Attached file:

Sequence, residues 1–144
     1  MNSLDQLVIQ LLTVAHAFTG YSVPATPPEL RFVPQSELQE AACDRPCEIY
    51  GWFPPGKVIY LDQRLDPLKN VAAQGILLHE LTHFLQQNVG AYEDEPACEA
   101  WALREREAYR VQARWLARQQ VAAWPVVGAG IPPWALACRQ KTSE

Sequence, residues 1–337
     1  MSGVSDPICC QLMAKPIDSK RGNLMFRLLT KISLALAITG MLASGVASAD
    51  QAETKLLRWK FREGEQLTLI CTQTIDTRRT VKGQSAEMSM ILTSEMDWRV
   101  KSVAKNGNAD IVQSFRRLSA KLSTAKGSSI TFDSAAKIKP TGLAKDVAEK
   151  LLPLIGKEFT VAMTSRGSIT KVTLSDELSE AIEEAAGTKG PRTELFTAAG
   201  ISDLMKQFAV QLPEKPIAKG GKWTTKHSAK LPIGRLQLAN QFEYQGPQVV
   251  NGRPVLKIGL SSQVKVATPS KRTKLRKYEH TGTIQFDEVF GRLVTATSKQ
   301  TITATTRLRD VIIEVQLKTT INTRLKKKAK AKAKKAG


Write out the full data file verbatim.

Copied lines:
Sequence, residues 1–144
     1  MNSLDQLVIQ LLTVAHAFTG YSVPATPPEL RFVPQSELQE AACDRPCEIY
    51  GWFPPGKVIY LDQRLDPLKN VAAQGILLHE LTHFLQQNVG AYEDEPACEA
   101  WALREREAYR VQARWLARQQ VAAWPVVGAG IPPWALACRQ KTSE

Sequence, residues 1–337
     1  MSGVSDPICC QLMAKPIDSK RGNLMFRLLT KISLALAITG MLASGVASAD
    51  QAETKLLRWK FREGEQLTLI CTQTIDTRRT VKGQSAEMSM ILTSEMDWRV
   101  KSVAKNGNAD IVQSFRRLSA KLSTAKGSSI TFDSAAKIKP TGLAKDVAEK
   151  LLPLIGKEFT VAMTSRGSIT KVTLSDELSE AIEEAAGTKG PRTELFTAAG
   201  ISDLMKQFAV QLPEKPIAKG GKWTTKHSAK LPIGRLQLAN QFEYQGPQVV
   251  NGRPVLKIGL SSQVKVATPS KRTKLRKYEH TGTIQFDEVF GRLVTATSKQ
   301  TITATTRLRD VIIEVQLKTT INTRLKKKAK AKAKKAG